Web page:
The Inspector General of Police, COP Dr. George Akuffo Dampare, has had cause to send a four-page response to the British High Commissioner to Ghana, Harriet Thompson, over a tweet she made on May 17, 2022, expressing interest in the case of the arrest of Oliver Barker-Vormawor.
The convener of the #FixTheCountry movement had been arrested on the day in what the police said was due to traffic-related offences, when he was on his way to court for a case of treason felony he is standing trial for.
In her tweet, Harriet Thompson wrote, “Oliver Barker Vormawor, convener of #FixTheCountry movement, arrested again, I understand for a motoring offence on his way to court. I’ll be interested to see where this goes…”
But in what seems like the longest reply ever penned down by the IGP on any matter since he took office, COP Dr. George Akuffo Dampare has asked the British diplomat to avoid meddling in the internal matters of her host country.
“For the moment, we would recommend a Ghanaian saying that might guide you in your diplomatic engagements. The saying goes: ‘di wo fie asem’ – it means learn to keep within the limits of what concerns you,” the concluding parts of the statement signed by the IGP said.
But in the statement, and while attempting to give explanations on why this statement by Harriet Thompson contravenes on the Vienna Convention on Diplomatic Relations, 1961, Dampare put out some 15 questions to the British High Commissioner, seeking her responses.
Here are the questions:
1 – Are there instances in your country where people are permitted to openly threaten the security of the state with a coup?
2 – In instances where individuals have threatened the security of a state, does your criminal justice system celebrate such persons and urge them on to destabilise your country?
3 – As a Foreign Service officer, even though you might not have personal experience, you doubtless have access to the records of the periods of unrest and coups in Ghana; are you really wishing on us, a return to those times?
4 – Are you able to direct us to instances in your country where citizens are permitted to insult, attack and incite your Army and other security apparatuses to destabilize the Country?
5 – Do people get arrested for traffic offences in your country?
6 – Is it the case that a person on his/her way to a British court cannot be pulled over for traffic offences or any other offences for that matter?
7 – Are you still persuaded, three days after your Tweet, that you were within the bounds of the Vienna Convention which regulates the conduct of diplomats in the countries in which they serve?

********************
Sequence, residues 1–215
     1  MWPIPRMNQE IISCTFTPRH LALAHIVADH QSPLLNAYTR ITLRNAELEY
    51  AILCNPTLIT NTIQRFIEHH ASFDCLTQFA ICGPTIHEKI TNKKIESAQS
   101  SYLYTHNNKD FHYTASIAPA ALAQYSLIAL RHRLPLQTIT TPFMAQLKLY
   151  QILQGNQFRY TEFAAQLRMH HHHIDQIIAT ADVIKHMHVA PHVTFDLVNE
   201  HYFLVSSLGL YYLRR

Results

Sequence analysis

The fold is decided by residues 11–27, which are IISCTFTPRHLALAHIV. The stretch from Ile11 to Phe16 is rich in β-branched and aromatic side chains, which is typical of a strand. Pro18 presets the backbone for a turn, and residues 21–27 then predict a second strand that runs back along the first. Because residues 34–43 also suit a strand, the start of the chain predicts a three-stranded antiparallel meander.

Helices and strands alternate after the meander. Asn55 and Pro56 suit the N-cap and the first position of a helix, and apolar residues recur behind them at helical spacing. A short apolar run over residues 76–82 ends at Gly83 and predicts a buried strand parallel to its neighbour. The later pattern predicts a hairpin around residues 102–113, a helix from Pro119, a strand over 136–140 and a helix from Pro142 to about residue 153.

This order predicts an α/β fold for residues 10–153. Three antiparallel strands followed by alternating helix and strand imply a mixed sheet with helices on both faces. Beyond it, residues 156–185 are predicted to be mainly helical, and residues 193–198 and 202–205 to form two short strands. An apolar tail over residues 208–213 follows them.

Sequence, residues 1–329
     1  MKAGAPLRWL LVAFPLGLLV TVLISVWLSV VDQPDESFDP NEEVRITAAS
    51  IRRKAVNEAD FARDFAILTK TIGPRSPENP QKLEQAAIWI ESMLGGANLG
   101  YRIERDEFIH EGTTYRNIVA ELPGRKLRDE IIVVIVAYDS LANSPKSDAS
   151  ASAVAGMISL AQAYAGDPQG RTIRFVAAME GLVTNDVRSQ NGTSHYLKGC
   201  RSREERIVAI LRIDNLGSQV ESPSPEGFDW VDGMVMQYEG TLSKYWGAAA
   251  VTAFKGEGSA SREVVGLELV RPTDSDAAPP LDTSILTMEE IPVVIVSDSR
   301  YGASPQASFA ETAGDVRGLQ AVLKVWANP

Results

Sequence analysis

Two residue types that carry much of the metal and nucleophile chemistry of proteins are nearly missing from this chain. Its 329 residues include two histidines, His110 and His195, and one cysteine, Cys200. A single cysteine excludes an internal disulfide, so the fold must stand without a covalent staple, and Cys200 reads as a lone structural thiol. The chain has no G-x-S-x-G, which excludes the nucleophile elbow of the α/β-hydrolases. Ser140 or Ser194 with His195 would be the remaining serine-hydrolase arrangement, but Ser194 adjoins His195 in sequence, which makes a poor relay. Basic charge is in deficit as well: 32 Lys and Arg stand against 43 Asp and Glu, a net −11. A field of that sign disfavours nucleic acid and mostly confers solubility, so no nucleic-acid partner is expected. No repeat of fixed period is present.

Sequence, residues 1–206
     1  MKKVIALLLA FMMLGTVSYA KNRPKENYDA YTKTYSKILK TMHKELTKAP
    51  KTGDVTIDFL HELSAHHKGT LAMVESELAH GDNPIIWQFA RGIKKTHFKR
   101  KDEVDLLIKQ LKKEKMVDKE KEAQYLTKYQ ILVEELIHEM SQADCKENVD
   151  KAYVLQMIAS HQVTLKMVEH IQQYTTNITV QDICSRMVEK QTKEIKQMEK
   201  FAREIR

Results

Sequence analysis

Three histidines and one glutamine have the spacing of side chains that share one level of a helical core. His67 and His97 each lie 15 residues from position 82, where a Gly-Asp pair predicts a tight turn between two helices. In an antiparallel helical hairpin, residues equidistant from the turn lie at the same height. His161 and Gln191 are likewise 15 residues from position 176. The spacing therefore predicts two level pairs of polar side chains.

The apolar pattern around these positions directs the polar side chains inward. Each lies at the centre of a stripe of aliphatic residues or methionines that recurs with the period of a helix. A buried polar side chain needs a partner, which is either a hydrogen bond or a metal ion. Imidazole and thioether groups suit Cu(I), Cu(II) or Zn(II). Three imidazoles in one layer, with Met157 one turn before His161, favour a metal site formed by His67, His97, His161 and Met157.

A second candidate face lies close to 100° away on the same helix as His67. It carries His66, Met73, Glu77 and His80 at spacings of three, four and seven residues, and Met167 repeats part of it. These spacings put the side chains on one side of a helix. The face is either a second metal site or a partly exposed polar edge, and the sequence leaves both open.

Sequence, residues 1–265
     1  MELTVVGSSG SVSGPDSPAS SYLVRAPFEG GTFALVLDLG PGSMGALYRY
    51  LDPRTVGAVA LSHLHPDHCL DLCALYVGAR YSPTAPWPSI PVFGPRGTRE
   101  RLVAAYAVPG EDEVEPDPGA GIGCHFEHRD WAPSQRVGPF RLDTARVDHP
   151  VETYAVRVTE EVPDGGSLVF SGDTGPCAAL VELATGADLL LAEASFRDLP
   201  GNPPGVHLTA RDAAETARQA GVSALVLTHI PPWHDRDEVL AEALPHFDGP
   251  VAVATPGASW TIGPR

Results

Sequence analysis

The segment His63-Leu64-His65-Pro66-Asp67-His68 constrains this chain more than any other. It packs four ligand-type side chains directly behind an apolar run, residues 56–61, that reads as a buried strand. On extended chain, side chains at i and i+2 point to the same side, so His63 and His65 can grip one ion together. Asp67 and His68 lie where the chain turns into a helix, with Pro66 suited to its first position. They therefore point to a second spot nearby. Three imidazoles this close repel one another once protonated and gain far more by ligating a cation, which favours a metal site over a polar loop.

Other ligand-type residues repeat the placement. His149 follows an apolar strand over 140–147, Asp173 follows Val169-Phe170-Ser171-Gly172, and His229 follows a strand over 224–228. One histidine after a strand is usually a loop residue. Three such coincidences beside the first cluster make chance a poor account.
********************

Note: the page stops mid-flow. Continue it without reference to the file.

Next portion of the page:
8 – Should you get involved in the domestic/internal affairs, especially security issues of the sovereign state in which you are serving as a diplomat?
9 – Do you know of any instances where Ghanaian diplomats in Britain have involved themselves in your internal affairs?
10 – Is there any particular reason why of all the people arrested daily for various offences in Ghana, you are especially interested in this person’s case?
11 – Is it the case that you don’t have confidence in our justice delivery, criminal justice system and our court processes as a whole?
12 – Do you know the number of Members of Parliament, Chief Executives and other high-profile Ghanaians who have been arrested and prosecuted for road traffic offences and have submitted themselves to due process? If you care to know, we will be delighted to share the list with you.
13 – Have the legally and internationally accepted limits associated with freedom of speech and association been stretched to the point where people can now say and act without regard to the sanctity, security and the very survival of a country? When it comes to such matters, are there any limits in place in your country?
14 – Are you interested in the number of lives lost to road accidents and the number of injured persons, as well as families who have become destitute as a result of such accidents, caused by the infractions of people like the person of interest to you?
15 – Have you taken note of the innovations being introduced by the Ghana Police Service in recent times to deepen discipline, law and order, as well as protect lives and property in this country? Are you interested that we are doing our best to get it right?
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